And if all else fails…
5. WRITE about your writer’s block.
Well, it worked for me.

*Penguin dust credit to Gregory Corso and his poem “Marriage”

everything and nothing

just stop holding your tongue

I’ve kept a blog of one kind or another for…oh, gosh, more than a third of my life at this point. I’ve kept a handwritten journal longer (partially because blogs weren’t really a thing until I was in my teens, and then I didn’t get the internet at home until I was about twenty), and I find that these days I rely more on my handwritten journal than I do on blogging of any kind.

There was a point in my life where the opposite was true, when I felt…not like I had to share everything with the world, or that I had anything particularly worth sharing for that matter, but that I needed the validation that came with my words being seen and heard and sometimes responded to. I made friends through blogging sites, sharing our day-to-day thoughts, our struggles and triumphs, our dreams. I’m still friends with some of the people I connected with in those venues, and am grateful for both those friendships and the platforms that made them possible.

These days…I don’t know. I feel very much like I don’t have anything all that interesting to say, nothing unique or important or vital. If anyone else came to me and said these things about themselves, I would be the first to tell them that no! everyone has something unique to say! everyone has something important to share!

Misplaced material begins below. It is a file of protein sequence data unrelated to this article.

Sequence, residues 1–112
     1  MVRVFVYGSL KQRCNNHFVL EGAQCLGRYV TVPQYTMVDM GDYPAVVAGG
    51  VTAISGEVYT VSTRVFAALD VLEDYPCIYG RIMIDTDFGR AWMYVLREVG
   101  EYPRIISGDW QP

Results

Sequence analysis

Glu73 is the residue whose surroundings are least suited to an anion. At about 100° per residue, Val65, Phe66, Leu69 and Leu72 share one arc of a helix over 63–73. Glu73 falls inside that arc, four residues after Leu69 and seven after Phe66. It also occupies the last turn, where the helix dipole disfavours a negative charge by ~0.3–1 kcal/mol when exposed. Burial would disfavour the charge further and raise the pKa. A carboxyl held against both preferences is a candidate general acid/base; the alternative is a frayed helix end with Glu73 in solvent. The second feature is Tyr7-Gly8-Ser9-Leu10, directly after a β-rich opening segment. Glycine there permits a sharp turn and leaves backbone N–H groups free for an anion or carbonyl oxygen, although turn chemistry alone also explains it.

But for me? I don’t know. Is it that it’s not important, or that it’s too important? Is it that I don’t have anything to share, or just nothing that I want to share? I don’t know what flicked that switch back the other way. Am I just getting older? I’ve always been a very private person despite trying to share things, maybe that’s just gotten moreso as I’ve gotten older.

Anyway. Blogging about not knowing what to blog about – or whether or not I have anything to blog about at all – is absolutely the most boring thing to blog about, for sure. So that’s it for today!

everything and nothing

if you’re so smart, tell me why are you still so afraid?

My husband thinks that I am too hard on myself. Or rather, he likes to say “you are good at everything except recognizing how good you are.” I think this is maybe an exaggeration. When I press him on it (“everything??”), he admits that I’m probably not any good at basketball, considering I am about five-foot-one and not super coordinated. But he points out that this is what he’s talking about: I’ll focus on something that I can’t do to the exclusion of things I can, up to and including focusing on the things I have no interest in trying to do.

(“You don’t know my secret dreams of winning all the basketballs. Putting all the balls in all the baskets.”
“…that’s…not how it works…”
“Oh yeah, how does it work?”
“…Space Jam?”
We are not Sports People.)